What is Technostress?

8 de November de 2021
4 min

What is Technostress?

There are books, movies, and series from more than 20 years ago that are frightening for how well they predict the future.

In this case, we are not talking about The Simpsons and their prophecies, but about a 1984 book that talks about how humanity suffers for not being prepared to use all the technology it has created.

Not because this technology is evil or has rebelled, but because of the lack of personal skills to manage the consequences of its daily use.

“In the book The Human Cost of the Computer Revolution (Brod, 1984), it is defined as an adaptation disease caused by the lack of ability to deal with new computer technologies in a healthy way”

What is Technostress?

According to an article published by the College of Psychologists of Madrid, various authors define technostress as “the negative psychological state, related to the use of technology or its threat of use in the future. This experience would be related to a series of emotions such as anxiety, fatigue, and lack of productivity along with an excessive and sometimes compulsive use.

“Any resemblance to reality is purely coincidental”

As in other aspects of stress, technostress implies that there is an inequality between the demands of the environment and our capacities to cope with them. That is, the environment demands more than we can manage. In this sense, its consequences, as can be seen, are similar to those of other types of stress, such as work stress.

The peculiarity of technostress is that it refers to the discomfort derived from the use of any technology device. Not specifically from mobile phones, social networks, or a computer, but from technology in general.


Just like with other types of stress, we have to define what the stressors are that, in this case, exceed our ability to cope. We can divide them into two blocks: environmental demands and lack of resources.

Specifically, the demands refer to the consumption of resources that technologies entail both in terms of time, as well as attention or other cognitive resources, or the excess of information to manage (not always useful when working with it) On the other hand, many times we do not have the necessary resources to face them, thus creating an imbalance.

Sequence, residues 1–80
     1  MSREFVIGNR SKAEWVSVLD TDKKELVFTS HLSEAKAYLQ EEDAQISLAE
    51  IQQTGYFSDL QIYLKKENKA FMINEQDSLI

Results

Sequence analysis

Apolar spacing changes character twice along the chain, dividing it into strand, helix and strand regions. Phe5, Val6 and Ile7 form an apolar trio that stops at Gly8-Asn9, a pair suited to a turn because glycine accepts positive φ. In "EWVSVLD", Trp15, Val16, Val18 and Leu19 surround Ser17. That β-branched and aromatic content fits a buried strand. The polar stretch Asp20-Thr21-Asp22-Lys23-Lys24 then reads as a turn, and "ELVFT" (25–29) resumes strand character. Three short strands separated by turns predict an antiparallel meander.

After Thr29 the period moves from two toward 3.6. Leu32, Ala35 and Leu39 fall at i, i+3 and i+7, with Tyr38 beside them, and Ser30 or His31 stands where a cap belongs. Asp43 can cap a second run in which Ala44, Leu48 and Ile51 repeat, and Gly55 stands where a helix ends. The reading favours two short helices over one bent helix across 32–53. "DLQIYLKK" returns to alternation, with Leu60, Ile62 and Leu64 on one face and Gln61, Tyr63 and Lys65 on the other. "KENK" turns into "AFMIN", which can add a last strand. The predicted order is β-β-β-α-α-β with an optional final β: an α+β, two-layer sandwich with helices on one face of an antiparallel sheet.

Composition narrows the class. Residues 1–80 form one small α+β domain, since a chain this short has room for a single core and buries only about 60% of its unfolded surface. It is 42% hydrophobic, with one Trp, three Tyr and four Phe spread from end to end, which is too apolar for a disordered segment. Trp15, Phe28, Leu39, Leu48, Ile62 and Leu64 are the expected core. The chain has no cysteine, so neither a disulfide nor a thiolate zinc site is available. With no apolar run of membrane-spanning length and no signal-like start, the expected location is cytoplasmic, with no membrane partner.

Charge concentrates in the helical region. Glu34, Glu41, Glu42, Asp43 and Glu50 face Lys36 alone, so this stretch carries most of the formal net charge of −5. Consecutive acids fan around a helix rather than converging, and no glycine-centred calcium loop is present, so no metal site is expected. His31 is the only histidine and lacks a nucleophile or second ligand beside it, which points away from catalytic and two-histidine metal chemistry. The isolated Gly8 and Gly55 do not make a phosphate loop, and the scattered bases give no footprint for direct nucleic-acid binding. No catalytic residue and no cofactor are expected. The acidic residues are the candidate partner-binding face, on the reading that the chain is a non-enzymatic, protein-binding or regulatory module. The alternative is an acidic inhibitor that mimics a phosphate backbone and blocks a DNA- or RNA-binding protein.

How can we intervene?

It should be noted that in cases of stress, intervention will always be easier if the stressor is eliminated or mitigated.

If that is not possible, another option could be to apply a series of therapies at an individual, group, or organizational level.

At an individual level: the first thing is to apply techniques that allow lowering the levels of anxiety and activation. It is also recommended to organize habits in relation to technology: reduce the number of hours of use, schedule when they can be used or not, use screens that protect the eyesight, or maintain a prudent distance from it.

At a group level: therapies focused on techniques such as mindfulness can be applied to improve anxiety and strengthen the connection with the present or even adopt a more supportive format in which activities are proposed where no technologies are involved, to promote habits such as sports or social play.

At an organizational level: one of the bases are disconnection policies. Allowing employees not to use technological devices related to work outside their working hours. Another intervention would be directly related to the preventive measures that a company has to minimize the impact of ICT. Another would be the training of employed personnel to avoid that lack of resources we referred to earlier.

Technology is here to stay and it has many good things. But like any other tool, it requires knowledge, skills, and attitudes to use it positively. We have to prepare ourselves to adapt to all the social, relational, work, and personal changes that it implies. Otherwise, the fantasy of the book The Human Cost of Computer Revolution will become our own story.”